Weekly Roundup 89: A Curated Linkfest For The Smartest People On The Web

If you like this roundup or plan on linking to it (or from it) kindly include a reference to SimoleonSense.com Thanks!

Weekly Cartoon (Via CFO Humor)

Weekly Joke (via Jokes for All)

A company, feeling it was time for a shakeup, hires a new CEO. This new boss is determined to rid the company of all slackers.

On a tour of the facilities, the CEO notices a guy leaning on a wall. The room is full of workers and he wants to let them know he means business!

The CEO walks up to the guy and asks, “And how much money do you make a week?” Undaunted, the young fellow looks at him and replies, “I make $300.00 a week. Why?”

The CEO then hands the guy $300 in cash and screams, “Here’s a week’s pay, now GET OUT and don’t come back!”

Feeling pretty good about his first firing, the CEO looks around the room and asks “Does anyone want to tell me what that goof-off did here?”

With a sheepish grin, one of the other workers mutters, “Pizza delivery guy from Domino’s.”

Must Read Articles For All Weekly Visitors!!!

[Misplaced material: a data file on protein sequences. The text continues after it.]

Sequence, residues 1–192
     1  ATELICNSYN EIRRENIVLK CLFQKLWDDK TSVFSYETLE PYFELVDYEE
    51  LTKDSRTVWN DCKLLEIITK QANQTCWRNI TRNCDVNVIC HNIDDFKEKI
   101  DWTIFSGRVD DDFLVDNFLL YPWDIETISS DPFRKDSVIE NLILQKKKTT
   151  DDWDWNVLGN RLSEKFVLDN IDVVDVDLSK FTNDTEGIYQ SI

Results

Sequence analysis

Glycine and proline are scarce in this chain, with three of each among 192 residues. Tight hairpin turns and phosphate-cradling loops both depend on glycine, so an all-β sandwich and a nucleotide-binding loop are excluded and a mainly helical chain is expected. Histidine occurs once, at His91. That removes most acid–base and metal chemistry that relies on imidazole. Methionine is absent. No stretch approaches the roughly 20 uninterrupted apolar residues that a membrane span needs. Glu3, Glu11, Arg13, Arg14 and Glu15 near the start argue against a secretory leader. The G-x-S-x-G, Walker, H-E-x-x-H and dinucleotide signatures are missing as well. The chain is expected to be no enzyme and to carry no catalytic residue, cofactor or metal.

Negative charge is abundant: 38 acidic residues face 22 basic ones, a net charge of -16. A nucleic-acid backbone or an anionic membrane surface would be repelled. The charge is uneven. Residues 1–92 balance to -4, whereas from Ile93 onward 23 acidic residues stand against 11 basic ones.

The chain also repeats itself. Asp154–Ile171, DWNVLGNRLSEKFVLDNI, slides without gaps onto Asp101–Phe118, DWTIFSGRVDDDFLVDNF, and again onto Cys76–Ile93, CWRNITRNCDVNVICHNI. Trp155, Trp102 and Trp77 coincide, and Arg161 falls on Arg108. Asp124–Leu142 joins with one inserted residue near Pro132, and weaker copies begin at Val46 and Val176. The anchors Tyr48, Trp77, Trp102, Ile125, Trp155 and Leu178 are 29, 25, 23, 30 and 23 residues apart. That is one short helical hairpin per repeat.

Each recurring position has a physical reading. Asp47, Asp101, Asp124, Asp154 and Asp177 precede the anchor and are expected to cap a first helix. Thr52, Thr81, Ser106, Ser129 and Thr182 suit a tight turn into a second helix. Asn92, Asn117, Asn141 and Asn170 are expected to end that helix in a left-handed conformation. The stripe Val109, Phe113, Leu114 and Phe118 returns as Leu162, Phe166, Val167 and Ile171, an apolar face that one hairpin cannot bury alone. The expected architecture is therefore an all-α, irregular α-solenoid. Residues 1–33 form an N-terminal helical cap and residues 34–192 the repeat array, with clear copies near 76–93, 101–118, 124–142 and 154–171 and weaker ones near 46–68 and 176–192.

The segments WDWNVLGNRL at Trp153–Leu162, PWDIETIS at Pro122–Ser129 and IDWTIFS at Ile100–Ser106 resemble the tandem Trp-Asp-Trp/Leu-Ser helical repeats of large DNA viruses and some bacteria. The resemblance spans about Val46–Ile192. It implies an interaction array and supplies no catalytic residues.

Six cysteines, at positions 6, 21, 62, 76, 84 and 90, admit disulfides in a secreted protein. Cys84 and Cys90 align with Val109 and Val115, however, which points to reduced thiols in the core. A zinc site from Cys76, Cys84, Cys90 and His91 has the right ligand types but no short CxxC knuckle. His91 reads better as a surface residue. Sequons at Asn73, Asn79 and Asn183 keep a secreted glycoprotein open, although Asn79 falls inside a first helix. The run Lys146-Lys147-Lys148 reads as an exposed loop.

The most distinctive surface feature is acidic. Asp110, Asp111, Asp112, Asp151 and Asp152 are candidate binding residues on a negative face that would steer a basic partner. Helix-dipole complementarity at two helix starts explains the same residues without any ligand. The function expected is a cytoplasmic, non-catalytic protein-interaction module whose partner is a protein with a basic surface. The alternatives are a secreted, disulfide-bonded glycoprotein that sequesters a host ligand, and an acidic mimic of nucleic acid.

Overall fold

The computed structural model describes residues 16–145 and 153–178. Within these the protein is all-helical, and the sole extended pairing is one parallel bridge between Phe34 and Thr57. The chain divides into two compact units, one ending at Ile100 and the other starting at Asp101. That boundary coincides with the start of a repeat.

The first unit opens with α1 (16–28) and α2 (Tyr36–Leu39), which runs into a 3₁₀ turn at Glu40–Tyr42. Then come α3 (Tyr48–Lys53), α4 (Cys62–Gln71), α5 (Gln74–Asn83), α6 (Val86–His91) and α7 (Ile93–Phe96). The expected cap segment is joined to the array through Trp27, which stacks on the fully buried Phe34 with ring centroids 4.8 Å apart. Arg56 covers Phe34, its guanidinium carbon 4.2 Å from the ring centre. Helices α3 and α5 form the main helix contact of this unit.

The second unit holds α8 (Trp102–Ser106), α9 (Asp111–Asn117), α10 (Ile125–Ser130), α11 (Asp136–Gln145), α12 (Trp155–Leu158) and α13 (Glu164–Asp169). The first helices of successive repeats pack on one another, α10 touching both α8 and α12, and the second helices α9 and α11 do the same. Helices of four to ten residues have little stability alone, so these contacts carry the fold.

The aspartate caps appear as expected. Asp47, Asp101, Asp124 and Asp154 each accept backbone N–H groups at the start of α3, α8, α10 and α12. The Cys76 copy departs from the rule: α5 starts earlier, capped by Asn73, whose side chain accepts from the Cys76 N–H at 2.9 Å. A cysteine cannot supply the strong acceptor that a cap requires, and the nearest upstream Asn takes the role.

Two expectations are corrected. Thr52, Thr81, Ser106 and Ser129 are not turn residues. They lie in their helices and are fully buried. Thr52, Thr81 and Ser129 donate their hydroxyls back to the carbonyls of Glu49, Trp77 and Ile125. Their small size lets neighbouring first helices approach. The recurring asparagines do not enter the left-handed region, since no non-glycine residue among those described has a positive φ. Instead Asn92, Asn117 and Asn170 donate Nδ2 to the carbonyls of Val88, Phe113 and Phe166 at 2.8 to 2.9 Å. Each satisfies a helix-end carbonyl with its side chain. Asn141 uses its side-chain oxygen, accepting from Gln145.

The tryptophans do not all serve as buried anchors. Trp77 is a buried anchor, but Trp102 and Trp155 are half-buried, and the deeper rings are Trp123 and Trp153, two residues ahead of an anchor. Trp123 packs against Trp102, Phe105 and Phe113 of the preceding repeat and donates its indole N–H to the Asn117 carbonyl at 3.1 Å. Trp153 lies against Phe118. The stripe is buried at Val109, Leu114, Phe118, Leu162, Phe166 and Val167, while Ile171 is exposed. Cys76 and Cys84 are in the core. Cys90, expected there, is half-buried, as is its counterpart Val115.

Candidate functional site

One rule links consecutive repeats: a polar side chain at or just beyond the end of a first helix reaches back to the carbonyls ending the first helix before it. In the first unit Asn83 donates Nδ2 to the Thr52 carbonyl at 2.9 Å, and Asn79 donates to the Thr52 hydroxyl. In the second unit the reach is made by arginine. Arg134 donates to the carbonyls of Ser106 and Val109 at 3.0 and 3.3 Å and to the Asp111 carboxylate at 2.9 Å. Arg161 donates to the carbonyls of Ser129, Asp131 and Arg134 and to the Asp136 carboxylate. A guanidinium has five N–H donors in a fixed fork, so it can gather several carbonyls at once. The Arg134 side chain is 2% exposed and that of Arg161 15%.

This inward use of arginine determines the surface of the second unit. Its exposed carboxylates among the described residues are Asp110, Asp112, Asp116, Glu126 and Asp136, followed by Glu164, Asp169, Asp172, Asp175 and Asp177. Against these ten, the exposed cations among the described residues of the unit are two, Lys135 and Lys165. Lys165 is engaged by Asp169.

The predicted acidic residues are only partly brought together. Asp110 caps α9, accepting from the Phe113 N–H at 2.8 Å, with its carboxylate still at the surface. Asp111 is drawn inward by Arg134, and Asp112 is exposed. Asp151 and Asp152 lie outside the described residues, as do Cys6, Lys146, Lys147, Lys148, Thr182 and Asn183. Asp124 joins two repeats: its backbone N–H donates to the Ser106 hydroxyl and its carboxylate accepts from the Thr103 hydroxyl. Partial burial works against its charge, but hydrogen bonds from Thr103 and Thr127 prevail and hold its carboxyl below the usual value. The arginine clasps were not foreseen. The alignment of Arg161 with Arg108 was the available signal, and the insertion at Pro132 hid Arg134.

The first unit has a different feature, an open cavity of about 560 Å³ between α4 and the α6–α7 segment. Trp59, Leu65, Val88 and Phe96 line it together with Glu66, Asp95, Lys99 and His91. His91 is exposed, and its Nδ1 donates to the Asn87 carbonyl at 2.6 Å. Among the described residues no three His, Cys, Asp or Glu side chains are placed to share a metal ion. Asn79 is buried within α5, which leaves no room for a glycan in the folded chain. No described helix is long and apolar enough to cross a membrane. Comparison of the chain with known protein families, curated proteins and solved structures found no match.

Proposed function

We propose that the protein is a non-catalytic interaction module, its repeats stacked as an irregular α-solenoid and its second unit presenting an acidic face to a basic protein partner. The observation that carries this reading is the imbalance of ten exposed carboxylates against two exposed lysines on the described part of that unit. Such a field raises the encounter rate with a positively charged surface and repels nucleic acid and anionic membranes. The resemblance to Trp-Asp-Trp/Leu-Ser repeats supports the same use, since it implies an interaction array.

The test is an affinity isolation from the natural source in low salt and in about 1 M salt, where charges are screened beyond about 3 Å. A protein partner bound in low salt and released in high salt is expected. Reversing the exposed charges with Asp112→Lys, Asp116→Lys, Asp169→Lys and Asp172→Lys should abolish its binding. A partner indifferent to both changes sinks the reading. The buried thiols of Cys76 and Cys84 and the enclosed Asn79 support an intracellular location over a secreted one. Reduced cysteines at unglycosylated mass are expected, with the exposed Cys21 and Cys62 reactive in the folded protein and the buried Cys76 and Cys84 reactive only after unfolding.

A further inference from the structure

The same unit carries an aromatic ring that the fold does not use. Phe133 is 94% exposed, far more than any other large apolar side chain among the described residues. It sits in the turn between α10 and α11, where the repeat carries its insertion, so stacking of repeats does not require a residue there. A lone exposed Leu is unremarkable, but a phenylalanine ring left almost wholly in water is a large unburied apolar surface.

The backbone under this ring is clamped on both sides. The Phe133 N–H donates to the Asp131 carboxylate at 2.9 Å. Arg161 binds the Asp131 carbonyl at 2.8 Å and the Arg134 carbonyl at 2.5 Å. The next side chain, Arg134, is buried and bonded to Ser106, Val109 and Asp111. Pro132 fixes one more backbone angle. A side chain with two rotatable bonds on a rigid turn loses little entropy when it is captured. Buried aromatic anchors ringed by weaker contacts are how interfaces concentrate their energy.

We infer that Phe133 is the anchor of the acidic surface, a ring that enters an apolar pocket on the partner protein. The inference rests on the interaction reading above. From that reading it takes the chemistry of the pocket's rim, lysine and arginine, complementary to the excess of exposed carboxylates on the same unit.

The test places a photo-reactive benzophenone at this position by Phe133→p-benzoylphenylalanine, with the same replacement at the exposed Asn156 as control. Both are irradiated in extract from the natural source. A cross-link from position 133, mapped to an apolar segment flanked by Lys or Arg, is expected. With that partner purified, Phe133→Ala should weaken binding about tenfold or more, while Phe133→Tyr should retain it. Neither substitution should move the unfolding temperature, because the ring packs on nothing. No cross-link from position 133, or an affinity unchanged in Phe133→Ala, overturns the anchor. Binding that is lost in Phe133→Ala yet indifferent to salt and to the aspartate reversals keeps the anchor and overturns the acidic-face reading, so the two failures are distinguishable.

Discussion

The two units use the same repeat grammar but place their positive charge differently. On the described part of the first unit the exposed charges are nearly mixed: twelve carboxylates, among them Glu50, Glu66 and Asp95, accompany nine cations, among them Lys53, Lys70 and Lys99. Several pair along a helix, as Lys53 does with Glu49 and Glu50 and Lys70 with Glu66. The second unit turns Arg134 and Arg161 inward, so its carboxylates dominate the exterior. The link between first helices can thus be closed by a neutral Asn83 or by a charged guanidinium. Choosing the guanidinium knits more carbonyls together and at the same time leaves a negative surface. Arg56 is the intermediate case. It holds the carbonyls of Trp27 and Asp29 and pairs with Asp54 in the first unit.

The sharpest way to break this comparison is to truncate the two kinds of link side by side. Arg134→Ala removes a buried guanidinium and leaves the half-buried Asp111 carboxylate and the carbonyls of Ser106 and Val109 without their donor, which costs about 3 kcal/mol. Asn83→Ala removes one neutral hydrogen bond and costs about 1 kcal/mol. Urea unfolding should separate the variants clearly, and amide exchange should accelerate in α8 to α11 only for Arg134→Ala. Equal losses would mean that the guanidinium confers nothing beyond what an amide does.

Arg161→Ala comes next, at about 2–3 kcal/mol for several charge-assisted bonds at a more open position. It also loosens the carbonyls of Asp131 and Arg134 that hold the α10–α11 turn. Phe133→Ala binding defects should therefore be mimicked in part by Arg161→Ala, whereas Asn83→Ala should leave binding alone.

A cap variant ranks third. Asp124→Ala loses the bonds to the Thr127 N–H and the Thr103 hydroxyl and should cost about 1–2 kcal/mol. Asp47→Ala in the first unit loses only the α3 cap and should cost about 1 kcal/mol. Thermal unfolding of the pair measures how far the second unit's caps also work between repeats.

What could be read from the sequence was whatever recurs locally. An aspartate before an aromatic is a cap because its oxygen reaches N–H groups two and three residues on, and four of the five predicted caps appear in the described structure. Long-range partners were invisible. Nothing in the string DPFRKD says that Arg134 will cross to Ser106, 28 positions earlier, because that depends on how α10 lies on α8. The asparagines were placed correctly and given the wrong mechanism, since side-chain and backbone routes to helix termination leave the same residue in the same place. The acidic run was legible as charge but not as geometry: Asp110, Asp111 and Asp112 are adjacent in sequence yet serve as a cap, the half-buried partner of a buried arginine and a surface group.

Kindergarten and Class
- via NYT – A new paper by Raj Chetty and five other economists – the subject of my column this week – suggests kindergarten can have lasting effects on students. Students who learn more in kindergarten appear to earn more, to be less likely to become teenage parents and even to be less likely to die young. When we were talking about the research in his office last week, I told Mr. Chetty that I assumed the effects were bigger for poorer children than richer ones. The children of well-off, well-educated parents arrive at school knowing vastly more than poorer students, as research by Annette Lareau and others has shown. So school itself seems as if it should matter more for poorer students.